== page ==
if a person is using their cane well, and they have a long cane, in the accepted practice, although not among some professionals in the field is you shouldn’t have a cane that comes up under your chin. So you have about a three step warning. And even without the tactile bumps, you would be able to have enough of a warning of a drop off to be able to deal with it. But I’m not you know, I’m we’re not going to debate that it’s Yeah, around. But But what other, tell me other kinds of things that you would do to make a station accessible, safe where a person who’s blind?

Lauren Foote 41:20
Yeah, so one of the things we do, for example, for talking about people who are blind, or not necessarily buying but other disabilities as well, like mobility related disabilities, there’s a big issue with coupler gaps, which are that space between two carts on a subway. So if you know how each car kind of connects, and there’s like a big gap there, people kept falling into them or confusing them for entranceways, which makes sense, because the way they’re shaped, kind of give off the impression that you could walk into there. But it’s actually in between, it’s onto the tracks. So we designed these little flap things that come up and prevent people from doing that. So it’s small little additions. That’s just something I worked on recently, which is why I brought it up. And it’s something that that was useful to the blind community just because we’re looking at cases of people walking into the tracks or even people tripping and falling or you getting pushed in your own rushing for the door. And then another thing I was looking at was we had some billiards out because like you mentioned about the tactile edging, you said people should notice it. But people weren’t noticing it enough. So we had to pry Oh, yes,

Michael Hingson 42:32
yeah, that’s that’s definitely an issue.

Lauren Foote 42:36
And there was this concern about if there was an emergency, and only some doors could open, at least what the trains were working with, or the subway station cars were working with, there’s only one of the doors is truly fully accessible out at about five to one per cart, which is again, another issue, but that’s the way it is for now. And there was concern that Oh, what if it doesn’t if it stops in an emergency and this accessible door is half covered by these billiards? So then we made them bendable and flexible. And, and we got out there a few of my my friends who use wheelchairs or trying to wheel over them, and it was too big. So they had to read redesigned them to make them thinner. And and then we’re concerned about potentially guide dogs not knowing whether to go over it. There wasn’t there was just someone who was with me who had a guide dog who raise that concern. And then eventually, it’s a lot of trial and error. And you come and you find the solution. So we ended up doing the flexible ones, not the not the non flexible ones. And they are a little thinner, and they have warning signs. And I guess we’ll see if that helps people more than the tactile. But yeah, and again, it’s it’s we’re gonna have to review that. And then try something new. If it doesn’t work, a lot of it is is trial and error. And a lot of it’s nuanced, because everyone has unique disabilities, and everyone has unique needs because of their unique disabilities. So that’s why more voices is important, bringing more opinions to the table.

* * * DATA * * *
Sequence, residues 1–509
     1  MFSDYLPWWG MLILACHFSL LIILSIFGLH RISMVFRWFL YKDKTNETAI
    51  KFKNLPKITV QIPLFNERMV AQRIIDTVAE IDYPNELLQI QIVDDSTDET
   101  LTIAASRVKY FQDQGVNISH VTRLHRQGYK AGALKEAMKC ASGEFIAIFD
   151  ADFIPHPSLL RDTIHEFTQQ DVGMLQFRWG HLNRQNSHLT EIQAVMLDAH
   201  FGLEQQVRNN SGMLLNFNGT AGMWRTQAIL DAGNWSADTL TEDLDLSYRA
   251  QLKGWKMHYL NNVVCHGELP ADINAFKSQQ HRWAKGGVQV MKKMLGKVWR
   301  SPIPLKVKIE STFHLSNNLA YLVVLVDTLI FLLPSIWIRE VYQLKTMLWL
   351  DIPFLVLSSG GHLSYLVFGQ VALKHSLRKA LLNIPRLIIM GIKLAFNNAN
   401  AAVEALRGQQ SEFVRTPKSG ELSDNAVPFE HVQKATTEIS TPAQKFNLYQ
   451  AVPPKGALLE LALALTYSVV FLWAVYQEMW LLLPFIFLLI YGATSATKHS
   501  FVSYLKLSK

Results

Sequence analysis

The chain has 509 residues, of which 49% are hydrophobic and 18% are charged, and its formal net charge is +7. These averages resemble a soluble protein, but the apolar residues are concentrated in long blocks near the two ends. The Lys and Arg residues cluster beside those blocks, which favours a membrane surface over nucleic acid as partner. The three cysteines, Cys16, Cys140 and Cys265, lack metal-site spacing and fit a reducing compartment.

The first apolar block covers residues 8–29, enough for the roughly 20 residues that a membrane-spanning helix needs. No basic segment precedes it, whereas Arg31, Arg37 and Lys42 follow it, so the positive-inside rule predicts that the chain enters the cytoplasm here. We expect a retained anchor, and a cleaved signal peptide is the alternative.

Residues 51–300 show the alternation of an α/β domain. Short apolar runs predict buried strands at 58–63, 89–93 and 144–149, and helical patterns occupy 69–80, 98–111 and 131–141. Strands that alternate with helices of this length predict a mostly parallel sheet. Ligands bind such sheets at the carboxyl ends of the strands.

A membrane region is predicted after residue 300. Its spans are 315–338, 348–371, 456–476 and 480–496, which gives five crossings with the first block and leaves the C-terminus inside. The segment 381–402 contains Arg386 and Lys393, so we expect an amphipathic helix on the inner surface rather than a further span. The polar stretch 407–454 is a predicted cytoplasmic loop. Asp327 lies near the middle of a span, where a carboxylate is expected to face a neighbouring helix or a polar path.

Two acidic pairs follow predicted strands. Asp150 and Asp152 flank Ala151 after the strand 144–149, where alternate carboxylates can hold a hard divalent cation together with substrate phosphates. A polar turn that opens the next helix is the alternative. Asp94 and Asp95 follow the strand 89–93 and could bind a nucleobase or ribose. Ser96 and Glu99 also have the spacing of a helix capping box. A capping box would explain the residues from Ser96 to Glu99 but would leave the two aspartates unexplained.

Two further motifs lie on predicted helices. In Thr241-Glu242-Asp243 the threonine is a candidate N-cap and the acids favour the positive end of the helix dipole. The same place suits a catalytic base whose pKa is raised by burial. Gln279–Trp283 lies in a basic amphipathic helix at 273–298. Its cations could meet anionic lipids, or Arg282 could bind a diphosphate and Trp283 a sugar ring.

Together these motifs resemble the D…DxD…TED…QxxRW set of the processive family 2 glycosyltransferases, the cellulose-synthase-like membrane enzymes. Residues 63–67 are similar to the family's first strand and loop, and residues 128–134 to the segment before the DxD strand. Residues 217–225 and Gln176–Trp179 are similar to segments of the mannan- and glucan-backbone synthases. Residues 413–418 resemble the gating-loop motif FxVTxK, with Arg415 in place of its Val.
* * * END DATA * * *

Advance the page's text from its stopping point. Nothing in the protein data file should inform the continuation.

Michael Hingson 43:59
Well, so here’s another question. Yeah. To do it this way. Where’s the responsibility of the consumer in all this, for example, I submit bappy having been using guide dog since I was 14, and been mobile my whole life and using a cane for most of my life. Where is my responsibility in being able to deal with some of those things like you mentioned, the subway car, space between the cars, the connectors, and so on. If I’m using a cane properly, I would detect that we’re not dealing with an entrance to a car because I would feel the drop off rather than the than the cane, finding that there’s a car there to step into. And likewise, again dealing with the drop offs, if there weren’t tactile edgings my cane will find it far enough in advance to Allow me to stop or alter my course. So where, where is my responsibility as a consumer and all of that?

Lauren Foote 45:10
I think the same can be said for people who do not have disabilities is, if everyone used everything, the best case, in a best case, weigh, then we’d have a lot less safety measures in place because it wouldn’t be necessary. And that doesn’t just apply to people with disabilities. But unfortunately, that’s not the case. And things happen. And like I said, people get pushed when people are busy in almost all subway stations, not just the ones in here in Toronto, and people get pushed into these spaces when there’s this rush. And there’s certain certain sins instances that can’t be avoided. So it’s about maximizing the safety possible. And in this case, oh, sorry, yes.

Michael Hingson 45:48
Which is not to say consumers don’t have a responsibility. But by the same tokens, what at what token, what it is saying is that consumers should use all of their tools, but at the same time, you can’t rely on that.

Lauren Foote 46:05
Exactly. And like what, like I said, in the emergency situation, evacuation is an issue too. And that’s not necessarily the consumer, but that’s definitely not the consumers responsibility, they just need to get out. Because there was an emergency that unexpected something happened. And, and, and yes, everyone should be trying to be as safe as possible in transit systems, whether you have a disability or not. But in reality, things happen. People are distracted, it’s busy. People are confused. They might be new to the area, and not familiar might be the first time on transit. So there’s a lot of specific circumstances that come into play. So which brings